John More, a man from the mid-21st century, recovers from a spacecraft crash to find himself two thousand years in the future. The world has been through a terrible time in the interim, with wars and Dark Times as bad as anything in human history. However, it has for centuries enjoyed a settled and civilised existence, based on small communities which are self-sufficient in food and which trade for their other needs. Despite this, technology is advanced, with a comprehensive information network and high-speed trains running in vacuum tunnels.
More has difficulty settling in to his new environment and in particular understanding how the utopian society works. Everything seems too good to be true; everyone does their share of all kinds of jobs to help the community and appears to have everything they need to live in comfort without any excessive consumption. Crime and immorality seem to be virtually non-existent and, most unbelievable of all, children are quiet, polite and well-behaved! He gradually discovers that the key to this is the strong Christian faith which forms the basis of the society. The story then focuses, for much of its length, on the religious and philosophical debates in which More engages as he gradually becomes converted to their faith while being increasingly attracted to a young widow and her son. Only at the end does the drama get moving again as More is faced with the opportunity to return to his own time. His decision, and the repercussions which follow, form the conclusion.
It soon becomes obvious to the reader that The Inheritance isn't really an SFF novel; it's an argument for religious faith within a fictional shell. As such, its principal appeal is to those who are, or are interested in becoming, Christians. And it promotes not just any Christianity, but an idealistic vision of a kind of religious communism (which is, I suspect, unlikely to gain it much support among US Christians). Since I am not religious, I did not find the tale particularly appealing and skimmed over much of the long tracts of debate.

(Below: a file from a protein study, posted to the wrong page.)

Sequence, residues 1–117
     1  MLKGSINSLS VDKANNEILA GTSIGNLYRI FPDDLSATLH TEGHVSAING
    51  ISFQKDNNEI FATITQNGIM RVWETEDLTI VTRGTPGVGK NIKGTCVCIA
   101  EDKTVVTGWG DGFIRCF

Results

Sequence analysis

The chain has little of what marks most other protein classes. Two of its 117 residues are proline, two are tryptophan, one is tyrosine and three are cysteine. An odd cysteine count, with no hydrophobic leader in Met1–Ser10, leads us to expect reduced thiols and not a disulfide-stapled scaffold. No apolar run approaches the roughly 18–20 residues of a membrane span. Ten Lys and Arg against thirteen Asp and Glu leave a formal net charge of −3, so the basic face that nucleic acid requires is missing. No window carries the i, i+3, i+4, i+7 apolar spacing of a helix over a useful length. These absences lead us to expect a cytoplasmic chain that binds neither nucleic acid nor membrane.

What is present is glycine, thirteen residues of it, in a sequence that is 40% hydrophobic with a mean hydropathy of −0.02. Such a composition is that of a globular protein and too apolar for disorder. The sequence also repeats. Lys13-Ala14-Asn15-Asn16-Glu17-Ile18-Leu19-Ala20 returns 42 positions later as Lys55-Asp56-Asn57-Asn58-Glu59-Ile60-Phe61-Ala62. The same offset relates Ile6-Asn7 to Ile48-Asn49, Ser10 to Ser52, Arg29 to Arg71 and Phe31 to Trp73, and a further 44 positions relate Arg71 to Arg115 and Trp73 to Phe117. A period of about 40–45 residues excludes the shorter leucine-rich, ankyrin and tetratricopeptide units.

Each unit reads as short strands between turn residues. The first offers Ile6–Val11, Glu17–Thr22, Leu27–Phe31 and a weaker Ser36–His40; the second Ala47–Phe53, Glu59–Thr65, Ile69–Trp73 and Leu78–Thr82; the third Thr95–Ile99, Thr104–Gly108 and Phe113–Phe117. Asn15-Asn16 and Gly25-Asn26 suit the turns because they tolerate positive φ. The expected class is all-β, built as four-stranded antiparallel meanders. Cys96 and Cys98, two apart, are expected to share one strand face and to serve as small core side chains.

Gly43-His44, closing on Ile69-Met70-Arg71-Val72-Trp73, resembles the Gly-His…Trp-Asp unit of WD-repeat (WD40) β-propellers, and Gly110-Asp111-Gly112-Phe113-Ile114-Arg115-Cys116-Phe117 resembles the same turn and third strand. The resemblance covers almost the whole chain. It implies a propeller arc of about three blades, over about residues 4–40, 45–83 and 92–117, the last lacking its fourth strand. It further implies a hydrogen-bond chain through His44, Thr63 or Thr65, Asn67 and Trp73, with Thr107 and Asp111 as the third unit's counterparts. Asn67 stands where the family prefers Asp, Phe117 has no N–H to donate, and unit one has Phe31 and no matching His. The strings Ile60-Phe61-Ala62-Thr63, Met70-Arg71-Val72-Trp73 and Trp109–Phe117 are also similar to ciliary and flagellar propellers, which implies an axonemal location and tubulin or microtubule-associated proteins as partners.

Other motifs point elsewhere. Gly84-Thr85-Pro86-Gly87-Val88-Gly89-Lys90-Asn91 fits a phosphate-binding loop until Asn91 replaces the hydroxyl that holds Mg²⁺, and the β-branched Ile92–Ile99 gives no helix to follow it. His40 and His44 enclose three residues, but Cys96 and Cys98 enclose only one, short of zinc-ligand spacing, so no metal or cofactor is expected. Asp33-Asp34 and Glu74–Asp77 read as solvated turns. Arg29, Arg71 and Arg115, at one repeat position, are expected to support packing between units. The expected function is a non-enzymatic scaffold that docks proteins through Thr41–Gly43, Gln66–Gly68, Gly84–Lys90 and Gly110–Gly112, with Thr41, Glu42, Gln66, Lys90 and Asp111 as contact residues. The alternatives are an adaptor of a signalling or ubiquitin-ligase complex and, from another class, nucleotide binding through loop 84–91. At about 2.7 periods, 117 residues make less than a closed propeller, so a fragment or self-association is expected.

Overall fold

From the SFF credibility viewpoint, I have some problems with the technical base of his ideal society. How such advanced technology was developed and maintained in such a fundamentally rural society was unexplained. Mass transport systems such as trains also don't make much sense with a low and dispersed population. And while I can believe that pencils would still exist in the fifth millennium, I find it harder to believe that word processors familiar to More would still be around.
It also has weaknesses as a work of fiction. The author is fond of the omniscient viewpoint and sometimes informs the reader what different people are thinking within the same conversation. I don't care for this, as it tends to remove dramatic tension. I also found More a rather unsympathetic character, which doesn't help in getting engaged with the story. Finally, the ending was something of a disappointment; I thought that the author was building up to a classic SF twist finale, but in fact there was a strange and (to me) rather unsatisfying conclusion.
It may seem unfair for me to review this, given my own position on religion, but the publishers did send the review copy to the British Fantasy Society (who passed it to me) so I have assessed it on its merits as an SFF novel rather than a religious work.
And now for some welcome relief in these hard economic times. I have a seasonal gift for one and all: a complete e-book version of my SF novel Scales FREE!
You can find details of the book, plus reviews and zip files of two versions of the e-book (Acrobat and MS Reader) on my site HERE
I hope you enjoy it: if you do, spread the word, if you don't, please tell me what you didn't like about it!